Until the end of the eighteenth century bleaching was restricted to the period from March to October. Because bleach greens operated in the summertime only, their owners had to acquire reliable and inexhaustible supplies of water. The consequence was that the major greens were soon to be found along the banks of those rivers that continued to provide a good flow of water in summertime. When this linen was watered regularly as it lay on the green, the process was termed `wet bleaching'.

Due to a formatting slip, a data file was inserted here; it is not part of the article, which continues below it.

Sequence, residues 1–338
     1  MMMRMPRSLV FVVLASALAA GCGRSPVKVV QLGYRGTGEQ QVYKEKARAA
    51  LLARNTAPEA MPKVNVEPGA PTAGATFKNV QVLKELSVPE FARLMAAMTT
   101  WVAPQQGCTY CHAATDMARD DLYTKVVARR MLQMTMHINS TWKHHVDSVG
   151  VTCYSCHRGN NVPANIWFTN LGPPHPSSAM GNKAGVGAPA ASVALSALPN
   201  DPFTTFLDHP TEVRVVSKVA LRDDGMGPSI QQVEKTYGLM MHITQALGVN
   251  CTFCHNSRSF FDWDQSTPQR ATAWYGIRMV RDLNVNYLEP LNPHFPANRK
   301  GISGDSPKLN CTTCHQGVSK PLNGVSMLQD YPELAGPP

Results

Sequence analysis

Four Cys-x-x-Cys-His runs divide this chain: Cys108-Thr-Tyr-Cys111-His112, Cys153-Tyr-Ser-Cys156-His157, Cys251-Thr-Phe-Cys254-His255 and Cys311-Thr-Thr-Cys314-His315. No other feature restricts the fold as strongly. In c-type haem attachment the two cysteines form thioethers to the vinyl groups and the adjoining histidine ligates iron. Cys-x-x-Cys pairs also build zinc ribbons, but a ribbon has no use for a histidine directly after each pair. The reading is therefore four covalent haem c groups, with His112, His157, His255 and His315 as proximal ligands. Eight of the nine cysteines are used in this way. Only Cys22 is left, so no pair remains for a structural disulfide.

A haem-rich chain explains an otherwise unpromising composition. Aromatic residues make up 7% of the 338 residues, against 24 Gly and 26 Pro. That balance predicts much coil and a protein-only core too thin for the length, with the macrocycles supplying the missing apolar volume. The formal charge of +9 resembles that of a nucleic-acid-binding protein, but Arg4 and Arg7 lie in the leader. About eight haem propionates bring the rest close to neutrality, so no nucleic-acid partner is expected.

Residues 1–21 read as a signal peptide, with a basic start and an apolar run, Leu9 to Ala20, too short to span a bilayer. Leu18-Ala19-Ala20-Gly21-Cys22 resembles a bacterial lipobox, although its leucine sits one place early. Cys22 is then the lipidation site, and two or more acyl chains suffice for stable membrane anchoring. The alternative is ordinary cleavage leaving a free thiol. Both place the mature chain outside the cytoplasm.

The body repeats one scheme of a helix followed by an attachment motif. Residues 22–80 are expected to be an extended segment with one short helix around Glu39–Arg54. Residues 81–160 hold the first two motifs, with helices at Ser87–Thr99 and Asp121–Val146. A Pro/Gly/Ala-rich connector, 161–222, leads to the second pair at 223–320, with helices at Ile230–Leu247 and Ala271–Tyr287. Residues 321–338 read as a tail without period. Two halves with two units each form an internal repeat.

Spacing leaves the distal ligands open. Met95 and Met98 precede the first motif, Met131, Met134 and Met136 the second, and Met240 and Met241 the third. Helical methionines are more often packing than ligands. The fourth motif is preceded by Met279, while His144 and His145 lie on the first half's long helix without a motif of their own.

It was considered superior to `dry bleaching' by the Cootehill method. The number of bleach greens reached a maximum of 357 in 1787, but after this the number fell rapidly as bleaching methods continued to improve. By the 1850s there were only forty coping with many times the quantity of cloth finished in an eighteenth-century green.